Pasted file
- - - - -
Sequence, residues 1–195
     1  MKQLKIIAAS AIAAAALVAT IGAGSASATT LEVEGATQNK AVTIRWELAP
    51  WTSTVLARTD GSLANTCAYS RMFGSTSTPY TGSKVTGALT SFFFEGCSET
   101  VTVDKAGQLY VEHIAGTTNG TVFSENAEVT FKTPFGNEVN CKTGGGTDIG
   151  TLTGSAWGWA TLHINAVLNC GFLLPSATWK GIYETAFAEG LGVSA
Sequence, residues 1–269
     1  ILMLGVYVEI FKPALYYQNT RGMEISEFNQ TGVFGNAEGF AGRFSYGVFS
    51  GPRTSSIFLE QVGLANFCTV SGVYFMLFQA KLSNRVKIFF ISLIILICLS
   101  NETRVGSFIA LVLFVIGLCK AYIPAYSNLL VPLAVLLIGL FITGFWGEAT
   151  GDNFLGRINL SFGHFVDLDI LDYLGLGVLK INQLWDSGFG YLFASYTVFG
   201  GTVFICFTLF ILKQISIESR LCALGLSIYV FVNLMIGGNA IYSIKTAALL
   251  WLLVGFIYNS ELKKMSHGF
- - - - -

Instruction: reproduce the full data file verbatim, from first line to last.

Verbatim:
Sequence, residues 1–195
     1  MKQLKIIAAS AIAAAALVAT IGAGSASATT LEVEGATQNK AVTIRWELAP
    51  WTSTVLARTD GSLANTCAYS RMFGSTSTPY TGSKVTGALT SFFFEGCSET
   101  VTVDKAGQLY VEHIAGTTNG TVFSENAEVT FKTPFGNEVN CKTGGGTDIG
   151  TLTGSAWGWA TLHINAVLNC GFLLPSATWK GIYETAFAEG LGVSA
Sequence, residues 1–269
     1  ILMLGVYVEI FKPALYYQNT RGMEISEFNQ TGVFGNAEGF AGRFSYGVFS
    51  GPRTSSIFLE QVGLANFCTV SGVYFMLFQA KLSNRVKIFF ISLIILICLS
   101  NETRVGSFIA LVLFVIGLCK AYIPAYSNLL VPLAVLLIGL FITGFWGEAT
   151  GDNFLGRINL SFGHFVDLDI LDYLGLGVLK INQLWDSGFG YLFASYTVFG
   201  GTVFICFTLF ILKQISIESR LCALGLSIYV FVNLMIGGNA IYSIKTAALL
   251  WLLVGFIYNS ELKKMSHGF